Leaders of Sudan and South Sudan reviewed proposals to reopen South Sudan's Unity state oil wells on Sunday, just weeks after Juba seized back control of them from rebels, Sudan's Ashrouq Network reported.
Sudan's Oil Minister Makawi Mohamed Awad and his South Sudanese counterpart Stephen Dhieu Dau met for talks in Khartoum Sunday, emphasizing the importance of the oil wells for bilateral relations.
"South Sudan's Oil Minister Stephen Dhieu Dau arrived in Khartoum on Sunday to discuss reoperation of Unity state's oil wells, which Juba managed to recapture from rebel groups loyal to former Vice President Riek Machar," the report said.
"The talks focused on how to help the oil companies which are facing challenges operating in South Sudan, namely in the Unity state," Ashrouq quoted Dau as saying.
"We want to put the oil wells in Unity state put back into production again," he said, stressing that it is necessary for both oil ministries to urge the Greater Nile Petroleum Company in Sudan and oil companies in South Sudan to resume production.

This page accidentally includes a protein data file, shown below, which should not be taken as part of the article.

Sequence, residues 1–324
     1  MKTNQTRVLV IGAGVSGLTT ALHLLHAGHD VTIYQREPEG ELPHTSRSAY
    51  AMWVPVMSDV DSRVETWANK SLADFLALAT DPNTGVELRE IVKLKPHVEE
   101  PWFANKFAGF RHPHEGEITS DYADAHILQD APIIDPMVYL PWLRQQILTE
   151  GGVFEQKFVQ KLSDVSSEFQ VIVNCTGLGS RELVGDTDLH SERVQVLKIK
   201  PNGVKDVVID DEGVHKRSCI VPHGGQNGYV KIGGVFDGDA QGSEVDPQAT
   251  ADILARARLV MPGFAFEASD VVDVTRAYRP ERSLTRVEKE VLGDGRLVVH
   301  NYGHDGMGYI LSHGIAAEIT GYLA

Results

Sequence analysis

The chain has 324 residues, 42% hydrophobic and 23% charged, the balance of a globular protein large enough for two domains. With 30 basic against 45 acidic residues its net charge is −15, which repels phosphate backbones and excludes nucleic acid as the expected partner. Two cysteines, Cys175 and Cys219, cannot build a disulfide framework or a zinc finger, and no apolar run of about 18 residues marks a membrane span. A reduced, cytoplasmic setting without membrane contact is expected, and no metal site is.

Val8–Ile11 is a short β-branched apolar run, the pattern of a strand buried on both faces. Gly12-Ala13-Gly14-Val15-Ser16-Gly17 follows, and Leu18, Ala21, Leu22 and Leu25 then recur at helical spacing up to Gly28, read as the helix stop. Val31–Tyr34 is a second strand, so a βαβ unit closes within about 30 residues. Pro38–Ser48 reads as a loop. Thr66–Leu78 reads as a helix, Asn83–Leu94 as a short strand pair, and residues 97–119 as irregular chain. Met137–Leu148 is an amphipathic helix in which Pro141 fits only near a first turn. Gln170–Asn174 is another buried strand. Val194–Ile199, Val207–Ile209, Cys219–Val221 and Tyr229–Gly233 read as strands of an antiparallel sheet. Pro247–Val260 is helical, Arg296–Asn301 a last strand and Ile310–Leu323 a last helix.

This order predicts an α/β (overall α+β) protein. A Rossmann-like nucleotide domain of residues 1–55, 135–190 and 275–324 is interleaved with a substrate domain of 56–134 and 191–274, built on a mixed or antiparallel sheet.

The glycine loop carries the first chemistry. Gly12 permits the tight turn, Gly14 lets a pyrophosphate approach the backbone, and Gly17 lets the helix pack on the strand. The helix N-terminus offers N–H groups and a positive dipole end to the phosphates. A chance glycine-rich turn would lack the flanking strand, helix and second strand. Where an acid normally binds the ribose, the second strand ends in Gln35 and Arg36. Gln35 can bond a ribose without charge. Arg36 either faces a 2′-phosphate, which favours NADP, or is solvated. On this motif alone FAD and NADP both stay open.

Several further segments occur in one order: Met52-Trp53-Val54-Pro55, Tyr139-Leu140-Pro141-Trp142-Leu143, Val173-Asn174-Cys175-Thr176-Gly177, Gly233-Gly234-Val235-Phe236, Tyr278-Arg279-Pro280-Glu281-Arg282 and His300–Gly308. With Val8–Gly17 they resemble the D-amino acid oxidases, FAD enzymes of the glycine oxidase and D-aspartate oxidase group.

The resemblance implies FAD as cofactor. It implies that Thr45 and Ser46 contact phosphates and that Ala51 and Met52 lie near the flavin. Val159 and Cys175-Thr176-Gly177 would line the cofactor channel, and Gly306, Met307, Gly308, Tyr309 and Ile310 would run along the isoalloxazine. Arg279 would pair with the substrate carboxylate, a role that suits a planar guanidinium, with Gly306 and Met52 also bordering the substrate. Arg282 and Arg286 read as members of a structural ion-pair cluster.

He added that the two reviewed issues of supplies, equipment, technical assistance and the necessities associated with operating companies with manpower from Sudan in addition to the possibility of making use of the Sudanese oil engineers at the wells of Unity and Upper Nile States.
The South Sudanese minister further noted that "committees from both sides will review this matter."
Awad said his country was ready to fulfill all the requests presented by his South Sudanese counterpart so that the oil would flow in the interests of both nations, according to the report.
Last week, Sudanese President Omar al-Bashir and his South Sudanese President Salva Kiir Mayardit held a summit in the South Sudan's capital city of Juba and agreed that Sudan would provide around 900 oil technicians to help operate oil fields in South Sudan after the other foreign technicians were evacuated due to the ongoing clashes there.
During the past few weeks, South Sudan has witnessed violent clashes between two armed factions. The fighting has divided South Sudanese society between supporters of President Salva Kiir Mayardit along with members of his tribe, the Dinka, and supporters of Vice-President Riek Machar and members of his tribe, the Nuer.
The violence has resulted in more than 1,000 people dead and over 121,600 civilians displaced, and has led some 63,000 others to take refuge at various UN compounds around the country, according to UN reports.